With reference to FIGS. 12-19, inner handle housing 110 provides a housing in which power-pack core assembly 106 is situated. Power-pack core assembly 106 includes a battery circuit 140, a controller circuit board 142 and a rechargeable battery 144 configured to supply power to any of the electrical components of handle assembly 100. Controller circuit board 142 includes a motor controller circuit board 142a, a main controller circuit board 142b, and a first ribbon cable 142c interconnecting motor controller circuit board 142a and main controller circuit board 142b.


Power-pack core assembly 106 further includes a display screen 146 supported on main controller circuit board 142b. Display screen 146 is visible through a clear or transparent window 110d (see FIGS. 12 and 17) provided in proximal half-section 110b of inner handle housing 110.


Power-pack core assembly 106 further includes a first motor 152, a second motor 154, and a third motor 156 each electrically connected to controller circuit board 142 and battery 144. Motors 152, 154, 156 are disposed between motor controller circuit board 142a and main controller circuit board 142b. Each motor 152, 154, 156 includes a respective motor shaft 152a, 154a, 156a extending therefrom. Each motor shaft 152a, 154a, 156a has a tri-lobe transverse cross-sectional profile for transmitting rotative forces or torque.


Each motor 152, 154, 156 is controlled by a respective motor controller. The motor controllers are disposed on motor controller circuit board 142a and are A3930/31K motor drivers from Allegro Microsystems, Inc. The A3930/31K motor drivers are designed to control a 3-phase brushless DC (BLDC) motor with N-channel external power MOSFETs, such as the motors 152, 154, 156. Each of the motor controllers is coupled to a main controller disposed on the main controller circuit board 142b. The main controller is also coupled to memory, which is also disposed on the main controller circuit board 142b. The main controller is an ARM Cortex M4 processor from Freescale Semiconductor, Inc, which includes 1024 kilobytes of internal flash memory. The main controller communicates with the motor controllers through an FPGA, which provides control logic signals (e.g., coast, brake, etc.). The control logic of the motor controllers then outputs corresponding energization signals to their respective motors 152, 154, 156 using fixed-frequency pulse width modulation (PWM).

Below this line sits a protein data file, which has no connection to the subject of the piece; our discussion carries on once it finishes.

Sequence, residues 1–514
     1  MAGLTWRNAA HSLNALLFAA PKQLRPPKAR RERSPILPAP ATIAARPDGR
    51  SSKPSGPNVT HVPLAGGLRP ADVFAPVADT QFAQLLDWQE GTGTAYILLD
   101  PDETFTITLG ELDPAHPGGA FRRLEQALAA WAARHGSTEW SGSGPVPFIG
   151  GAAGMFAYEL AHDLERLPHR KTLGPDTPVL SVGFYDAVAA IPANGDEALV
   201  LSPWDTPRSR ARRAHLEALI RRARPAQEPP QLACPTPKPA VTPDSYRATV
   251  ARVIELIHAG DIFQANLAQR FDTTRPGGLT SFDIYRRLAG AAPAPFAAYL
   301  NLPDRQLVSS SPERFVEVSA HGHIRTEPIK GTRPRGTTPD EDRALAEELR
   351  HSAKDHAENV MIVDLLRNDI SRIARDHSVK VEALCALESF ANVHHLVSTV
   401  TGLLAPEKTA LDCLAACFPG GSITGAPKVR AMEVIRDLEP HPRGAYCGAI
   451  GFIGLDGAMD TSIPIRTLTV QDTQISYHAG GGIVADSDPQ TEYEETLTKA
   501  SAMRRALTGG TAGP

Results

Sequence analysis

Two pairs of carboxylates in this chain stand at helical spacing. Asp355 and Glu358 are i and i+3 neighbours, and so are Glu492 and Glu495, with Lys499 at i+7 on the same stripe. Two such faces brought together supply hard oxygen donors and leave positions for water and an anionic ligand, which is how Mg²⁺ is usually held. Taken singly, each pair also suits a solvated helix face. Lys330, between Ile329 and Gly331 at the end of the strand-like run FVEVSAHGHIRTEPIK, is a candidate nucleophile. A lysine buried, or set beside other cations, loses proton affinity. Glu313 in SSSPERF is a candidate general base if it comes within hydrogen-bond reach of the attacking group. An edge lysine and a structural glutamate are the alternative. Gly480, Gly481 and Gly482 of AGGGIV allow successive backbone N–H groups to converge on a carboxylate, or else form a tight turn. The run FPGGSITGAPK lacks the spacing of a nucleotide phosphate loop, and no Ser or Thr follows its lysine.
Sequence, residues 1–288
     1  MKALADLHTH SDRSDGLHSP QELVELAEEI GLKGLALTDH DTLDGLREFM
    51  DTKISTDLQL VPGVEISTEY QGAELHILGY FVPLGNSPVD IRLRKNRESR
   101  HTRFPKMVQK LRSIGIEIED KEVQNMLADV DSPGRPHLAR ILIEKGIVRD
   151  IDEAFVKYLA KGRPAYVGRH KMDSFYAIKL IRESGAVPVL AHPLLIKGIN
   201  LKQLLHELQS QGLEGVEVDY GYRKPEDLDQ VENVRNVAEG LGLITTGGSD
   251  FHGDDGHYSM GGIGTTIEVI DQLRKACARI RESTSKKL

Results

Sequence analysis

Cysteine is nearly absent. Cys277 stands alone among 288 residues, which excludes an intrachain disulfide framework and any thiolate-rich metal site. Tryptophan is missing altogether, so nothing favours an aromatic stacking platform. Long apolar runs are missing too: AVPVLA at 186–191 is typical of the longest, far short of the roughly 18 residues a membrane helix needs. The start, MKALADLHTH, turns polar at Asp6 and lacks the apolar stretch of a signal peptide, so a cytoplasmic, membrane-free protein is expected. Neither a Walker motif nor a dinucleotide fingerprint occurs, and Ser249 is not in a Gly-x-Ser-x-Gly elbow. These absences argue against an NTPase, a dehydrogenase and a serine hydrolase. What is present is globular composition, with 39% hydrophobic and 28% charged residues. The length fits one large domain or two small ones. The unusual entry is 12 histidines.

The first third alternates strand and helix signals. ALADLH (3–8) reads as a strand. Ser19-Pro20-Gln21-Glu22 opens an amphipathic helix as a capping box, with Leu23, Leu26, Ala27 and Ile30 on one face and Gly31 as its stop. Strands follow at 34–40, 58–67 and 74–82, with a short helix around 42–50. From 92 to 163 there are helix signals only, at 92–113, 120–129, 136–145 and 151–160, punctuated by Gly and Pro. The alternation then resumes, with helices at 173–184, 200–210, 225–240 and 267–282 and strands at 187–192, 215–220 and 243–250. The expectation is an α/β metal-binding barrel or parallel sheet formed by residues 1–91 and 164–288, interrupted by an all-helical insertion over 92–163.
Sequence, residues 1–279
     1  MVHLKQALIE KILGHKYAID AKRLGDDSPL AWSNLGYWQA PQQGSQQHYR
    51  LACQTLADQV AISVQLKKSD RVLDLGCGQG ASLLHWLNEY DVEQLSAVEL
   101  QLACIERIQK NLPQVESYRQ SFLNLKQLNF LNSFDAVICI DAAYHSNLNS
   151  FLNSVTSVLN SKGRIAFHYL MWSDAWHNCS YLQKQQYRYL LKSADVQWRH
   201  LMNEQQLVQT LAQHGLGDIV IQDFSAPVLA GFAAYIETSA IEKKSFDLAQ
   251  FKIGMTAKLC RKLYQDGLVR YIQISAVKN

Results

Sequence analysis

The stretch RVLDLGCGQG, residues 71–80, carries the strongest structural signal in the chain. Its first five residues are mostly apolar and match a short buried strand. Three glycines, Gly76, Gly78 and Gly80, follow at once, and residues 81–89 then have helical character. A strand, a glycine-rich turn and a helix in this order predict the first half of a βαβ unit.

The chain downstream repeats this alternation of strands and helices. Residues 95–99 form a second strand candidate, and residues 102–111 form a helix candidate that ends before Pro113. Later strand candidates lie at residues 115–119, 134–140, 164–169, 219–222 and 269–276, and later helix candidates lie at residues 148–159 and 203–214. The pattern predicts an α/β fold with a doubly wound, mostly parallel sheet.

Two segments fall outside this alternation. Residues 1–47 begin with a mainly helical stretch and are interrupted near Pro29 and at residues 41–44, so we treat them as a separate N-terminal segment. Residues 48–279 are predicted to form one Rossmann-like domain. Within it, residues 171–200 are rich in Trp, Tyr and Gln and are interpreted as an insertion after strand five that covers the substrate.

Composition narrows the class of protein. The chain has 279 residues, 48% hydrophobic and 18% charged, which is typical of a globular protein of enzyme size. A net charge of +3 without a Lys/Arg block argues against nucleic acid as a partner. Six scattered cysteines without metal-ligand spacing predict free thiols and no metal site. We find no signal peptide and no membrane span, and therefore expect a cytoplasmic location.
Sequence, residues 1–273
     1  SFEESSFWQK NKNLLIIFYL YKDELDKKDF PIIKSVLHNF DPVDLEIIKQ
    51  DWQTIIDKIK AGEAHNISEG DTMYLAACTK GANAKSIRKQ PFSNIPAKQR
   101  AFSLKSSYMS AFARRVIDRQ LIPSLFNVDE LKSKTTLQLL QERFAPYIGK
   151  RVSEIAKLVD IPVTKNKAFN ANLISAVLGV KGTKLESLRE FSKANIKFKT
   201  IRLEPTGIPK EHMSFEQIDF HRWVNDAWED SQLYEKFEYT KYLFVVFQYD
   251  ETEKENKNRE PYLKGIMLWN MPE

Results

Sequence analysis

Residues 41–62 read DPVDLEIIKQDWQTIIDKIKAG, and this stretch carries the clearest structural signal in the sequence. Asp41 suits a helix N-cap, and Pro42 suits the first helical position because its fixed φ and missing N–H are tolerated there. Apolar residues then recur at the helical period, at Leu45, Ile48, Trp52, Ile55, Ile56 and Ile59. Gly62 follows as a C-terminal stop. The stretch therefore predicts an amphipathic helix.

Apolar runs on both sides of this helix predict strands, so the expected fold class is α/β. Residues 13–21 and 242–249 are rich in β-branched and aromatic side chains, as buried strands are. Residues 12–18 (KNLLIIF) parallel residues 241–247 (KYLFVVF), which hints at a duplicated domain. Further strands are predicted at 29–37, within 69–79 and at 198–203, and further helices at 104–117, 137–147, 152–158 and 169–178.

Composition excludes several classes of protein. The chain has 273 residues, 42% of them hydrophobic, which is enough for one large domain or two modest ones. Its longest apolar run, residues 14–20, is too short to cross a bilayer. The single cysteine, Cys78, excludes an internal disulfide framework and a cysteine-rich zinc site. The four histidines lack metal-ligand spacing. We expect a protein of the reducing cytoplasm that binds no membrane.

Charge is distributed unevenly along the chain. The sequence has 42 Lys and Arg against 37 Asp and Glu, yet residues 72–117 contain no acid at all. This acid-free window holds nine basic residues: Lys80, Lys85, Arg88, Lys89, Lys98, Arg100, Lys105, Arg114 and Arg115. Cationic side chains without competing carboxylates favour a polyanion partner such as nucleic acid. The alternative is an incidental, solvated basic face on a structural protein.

Each motor 152, 154, 156 is supported on a motor bracket 148 such that motor shaft 152a, 154a, 156a are rotatably disposed within respective apertures of motor bracket 148. As illustrated in FIGS. 16 and 19, motor bracket 148 rotatably supports three rotatable drive connector sleeves 152b, 154b, 156b that are keyed to respective motor shafts 152a, 154a, 156a of motors 152, 154, 156. Drive connector sleeves 152b, 154b, 156b non-rotatably receive proximal ends of respective coupling shaft 64a, 64b, 64c of plate assembly 60 of shell housing 10, when power handle 101 is disposed within shell housing 10. Drive connector sleeves 152b, 154b, 156b are each spring biased away from respective motors 152, 154, 156.


Rotation of motor shafts 152a, 154a, 156a by respective motors 152, 154, 156 function to drive shafts and/or gear components of Adapter assembly 200 in order to perform the various operations of handle assembly 100. In particular, motors 152, 154, 156 of power-pack core assembly 106 are configured to drive shafts and/or gear components of adapter assembly 200 in order to selectively extend/retract a trocar member 274 of a trocar assembly 270 of adapter assembly 200; to, open/close reload 400 (when an anvil assembly 510 is connected to trocar member 274 of trocar assembly 270), to fire an annular array of staples of reload 400, and to fire an annular knife 444 of reload 400.